Festive demand may push prices of pulses: Assocham

Festive demand may push prices of pulses: Assocham
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Festive demand may push prices of pulses: Assocham. In a bid to meet the festive demand, the government is likely to import over 10 million tonnes of pulses as the domestic production is expected to be limited to 17 million tonnes against the rising demand of 27 million tonnes, an Assocham report said.

It predicts prices may increase by 10 to 15 per cent this season

The major pulse grown in India are Gram and Tur. Gram, with a production of more than 7 million tonnes, contributes more than 41 per cent in the total pulse production of the country. Tur, with a production of 2.7 million tonnes and a contribution of about 16 per cent, is the second major pulse crop grown in India

New Delhi: In a bid to meet the festive demand, the government is likely to import over 10 million tonnes of pulses as the domestic production is expected to be limited to 17 million tonnes against the rising demand of 27 million tonnes, an Assocham report said. The deficit monsoon rains have affected the yield in several producing states with a huge shortage of 10 million tones. The prices of various pulses may shoot up further by as much as 10 to15 percent in the festival season, exerting prices on food items.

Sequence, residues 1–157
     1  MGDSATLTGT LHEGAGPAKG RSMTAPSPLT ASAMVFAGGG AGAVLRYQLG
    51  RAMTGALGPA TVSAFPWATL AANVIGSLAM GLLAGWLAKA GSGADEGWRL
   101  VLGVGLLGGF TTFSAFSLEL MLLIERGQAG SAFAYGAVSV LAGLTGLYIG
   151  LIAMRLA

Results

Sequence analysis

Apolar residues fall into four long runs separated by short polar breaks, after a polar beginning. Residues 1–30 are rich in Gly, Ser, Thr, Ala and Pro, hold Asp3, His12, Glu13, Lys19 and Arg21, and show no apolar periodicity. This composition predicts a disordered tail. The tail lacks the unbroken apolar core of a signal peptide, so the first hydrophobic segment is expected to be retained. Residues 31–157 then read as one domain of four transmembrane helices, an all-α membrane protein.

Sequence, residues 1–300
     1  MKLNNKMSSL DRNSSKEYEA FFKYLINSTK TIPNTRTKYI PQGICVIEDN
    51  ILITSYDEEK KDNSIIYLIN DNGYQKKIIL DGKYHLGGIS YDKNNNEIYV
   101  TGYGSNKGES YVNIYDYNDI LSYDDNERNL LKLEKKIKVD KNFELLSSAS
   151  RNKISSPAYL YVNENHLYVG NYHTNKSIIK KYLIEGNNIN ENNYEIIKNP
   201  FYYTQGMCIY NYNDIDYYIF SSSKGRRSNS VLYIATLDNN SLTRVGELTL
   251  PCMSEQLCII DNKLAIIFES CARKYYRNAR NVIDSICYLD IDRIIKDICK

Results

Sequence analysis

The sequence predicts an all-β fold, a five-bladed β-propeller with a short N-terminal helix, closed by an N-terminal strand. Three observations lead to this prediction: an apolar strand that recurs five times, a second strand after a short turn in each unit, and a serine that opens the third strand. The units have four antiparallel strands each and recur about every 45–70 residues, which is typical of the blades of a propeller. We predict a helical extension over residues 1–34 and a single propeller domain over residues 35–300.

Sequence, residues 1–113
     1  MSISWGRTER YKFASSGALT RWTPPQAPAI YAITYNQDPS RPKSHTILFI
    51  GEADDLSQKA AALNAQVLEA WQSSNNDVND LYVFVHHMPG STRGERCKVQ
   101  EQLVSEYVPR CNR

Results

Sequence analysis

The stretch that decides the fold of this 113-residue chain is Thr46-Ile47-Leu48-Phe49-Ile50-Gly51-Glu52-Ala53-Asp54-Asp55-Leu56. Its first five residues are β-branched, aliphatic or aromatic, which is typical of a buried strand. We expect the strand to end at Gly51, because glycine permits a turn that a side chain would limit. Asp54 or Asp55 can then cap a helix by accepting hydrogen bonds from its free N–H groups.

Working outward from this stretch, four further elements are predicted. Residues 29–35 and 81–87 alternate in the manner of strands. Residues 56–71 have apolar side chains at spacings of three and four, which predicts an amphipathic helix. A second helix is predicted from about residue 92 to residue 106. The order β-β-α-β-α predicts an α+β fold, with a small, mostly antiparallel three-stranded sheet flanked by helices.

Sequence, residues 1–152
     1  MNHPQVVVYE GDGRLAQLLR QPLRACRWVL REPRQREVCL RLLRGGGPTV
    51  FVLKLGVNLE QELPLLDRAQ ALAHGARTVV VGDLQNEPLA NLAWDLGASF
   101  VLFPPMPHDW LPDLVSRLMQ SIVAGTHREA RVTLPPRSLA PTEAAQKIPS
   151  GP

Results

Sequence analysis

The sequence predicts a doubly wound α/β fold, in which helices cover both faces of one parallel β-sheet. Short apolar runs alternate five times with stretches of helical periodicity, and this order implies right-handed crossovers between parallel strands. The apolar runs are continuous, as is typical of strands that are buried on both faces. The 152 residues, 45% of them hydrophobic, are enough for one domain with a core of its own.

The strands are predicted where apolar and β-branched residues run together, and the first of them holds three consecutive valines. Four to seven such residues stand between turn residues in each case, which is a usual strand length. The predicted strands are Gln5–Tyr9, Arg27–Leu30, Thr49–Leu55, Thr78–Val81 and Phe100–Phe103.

Festivals like Diwali being round the corner, the demand for pulses would further shoot up and prices may be looking up further by at least 10 to 15 per cent making the pulses available at Rs 90-145/150 per kg with prices varying in different states. The consumption of pulses and cereals increases because of increased demand for preparation of sweets and other delicacies going with different festivals, from Diwali right up to Christmas.

Import of the pulses from other countries could be extremely expensive this year as the grower countries already facing a shortage of supply have increased their selling rates, adds the study. The major pulse grown in India are Gram and Tur. Gram, with a production of more than 7 million tonnes, contributes more than 41 per cent in the total pulse production of the country. Tur, with a production of 2.7 million tonnes and a contribution of about 16 per cent, is the second major pulse crop grown in India.

India is dependent mainly on Myanmar for Tur, Urad, Moong, Canada and USA for yellow peas, Australia, Canada and Myanmar for chana (desi chana/chickpeas), Canada, Australia and USA for lentils. The major pulse-producing states -Maharashtra, Karnataka, Rajasthan, Madhya Pradesh and Uttar Pradesh, which together account for about 70 per cent of the country’s total kharif pulse production may witness less rainfall affecting the output and prices.

During 2013-14, pulses worth $1.9 billion were imported. India’s large dependence on imports, higher prices and declining per capital availability and consumption of pulses have been matter of concern. Therefore, the Government must prepare an implementable action plan to incentivize farmers to cultivate more pulses in the Rabi season so that more technical support is provided.

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